You don't usually measure osmolarity, owing to the meaninglessness and inconsistency of the volume metric, but osmolality can definitely be measured by a variety of instruments. For this, you would dust off the old automated osmometer. These devices usually measure the depression of the freezing point of the sample, which is another colligative property. Sweeney & Beauchat (1993) describe the technique and its limitations in more detail. For the casual browser, the central arguments of their excellent paper can be oversimplified as follows:
Incidentally, when one applies the common equation to human plasma in order to determine whether their patient has ingested a massive faceful of antifreeze or methylated spirits, the equation they use
([Na]× 2 ) + [Glucose] + [urea]
typically involves using lab-reported biochemistry values which are indexed to volume, rather than mass (i.e. that [Na] is reported as mmol/L). Thus, it is the osmolarity you are calculating here, not osmolality. But then, to calculate the gap, you send a sample to the lab for a measured value, which will be returned to you as osmolality, i.e mOsm/kg. How can you subtract one from the other, and call the result an "osmolar" gap with a straight face? It boggles the mind. Fortunately, the difference between the calculated and measured osmolality values in human plasma is relatively small (Hooper et al, 2014, found one equation that was always within 2% of the measured value).
The standard definition of tonicity usually incorporates some mention of osmotic pressure or osmolality difference between solutions.
Tonicity is the measure of the osmotic pressure gradient between two solutions.
Caon (2008) further elaborates by calling it "a semi-quantitative descriptor of the concentration of one solution compared to another". It is also occasionally called "effective osmolality", which brings us to the next point: unlike osmolarity, tonicity is only influenced by solutes that cannot cross this semipermeable membrane, because these are the only solutes influencing the osmotic pressure gradient. This produces the distinction between "effective" and "ineffective" osmoles. Ineffective osmoles are those that are able to cross the semipermeable membrane and equilibrate in both solutions which are being compared, which means they cannot contribute to the osmotic pressure gradient.
Usually, when the discussion of tonicity comes up in textbooks, urea and glucose are offered as examples of such "ineffective" osmoles, as they are supposed to equilibrate effortlessly across body fluid compartments. This is partially true, in the sense that given enough time they will achieve an equilibrium. Time is the key factor here. Rapid changes in either of these molecules will give rise to major osmotic shifts, producing cerebral oedema in HHS, as one example.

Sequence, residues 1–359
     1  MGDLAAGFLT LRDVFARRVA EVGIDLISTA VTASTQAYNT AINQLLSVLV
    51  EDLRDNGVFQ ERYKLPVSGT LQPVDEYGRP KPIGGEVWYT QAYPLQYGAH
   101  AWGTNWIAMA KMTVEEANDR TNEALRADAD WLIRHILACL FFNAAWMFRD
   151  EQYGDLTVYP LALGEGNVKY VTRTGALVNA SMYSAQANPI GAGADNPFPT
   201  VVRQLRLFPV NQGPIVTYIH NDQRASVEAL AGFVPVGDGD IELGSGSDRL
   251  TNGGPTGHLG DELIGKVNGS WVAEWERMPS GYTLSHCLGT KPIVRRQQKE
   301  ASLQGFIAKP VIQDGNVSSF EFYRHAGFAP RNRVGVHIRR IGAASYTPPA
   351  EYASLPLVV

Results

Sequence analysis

The bottom line is that you can have solutions separated by a membrane that have equal osmolality on either side of the membrane, and there will be no osmotic pressure across that membrane, which makes these solutions isotonic, i.e. there is no osmotic pressure gradient between them. However, it is also possible to have iso-osmolar solutions which are not isotonic. For example, 5% dextrose, when infused, is iso-osmolar with the body fluid compartments. Its osmolality is the same as the osmolality of the cellular contents (about 300mOsm/L) However, because dextrose penetrates the cells so easily, it cannot contribute to tonicity. Thus, the infused dextrose is iso-osmolar but hypotonic.
They ask for this in the syllabus document, but not in the exam, making you wonder how much you really need to know about it. In short, from looking at the van 't Hoff equation, one immediately realises that it would not work properly as soon as the membrane separating the two solutions becomes even remotely imperfect, i.e. slightly permeable, allowing some of the solutes to leak through. On closer inspection, every membrane in biology is imperfect, which means that the van 't Hoff equation will (sometimes, massively) overestimate the osmotic pressure gradient between fluid compartments. The reflection coefficient is an empirically derived value which is a ratio of the measured and predicted osmotic pressures, and which is different for every pair of solute and membrane. The usual equation to describe it is:
σ = (Πeff) / (ΠRTC)
where Πeff is the effective osmotic pressure which is measured, and ΠRTC is the theoretical osmotic pressure which would be expected from the system if the semipermeable membrane was ideally semipermeable. In this fashion, the reflection coefficient is a parameter that describes the departure of a membrane from perfect semipermeability. A reflection coefficient of 1.0 represents a perfectly solute-impermeable membrane, whereas a value of 0 represents a membrane that is perfectly leaky (i.e. as far as that solute is concerned, there may as well be no membrane).
What, might one ask, is the point of knowing this? One excellent paper which reflects on some of these uses of the reflection coefficient is Adamski & Anderson (1983). The reflection coefficient value is useful for a number of practical and experimental purposes in medicine and physiology. For example, you could use it to calculate the expected flow of solvent across a membrane, if the σ values are known. Or, from the σ value, one could determine the porosity of a membrane, and from the change in σ values of solutes with different molecular mass you could determine the size of those pores. In this fashion, the reflection coefficient factors into the calculation of the glomerular filtration rate or the fluid exchange in the microcirculation (as it slots into the Starling equation).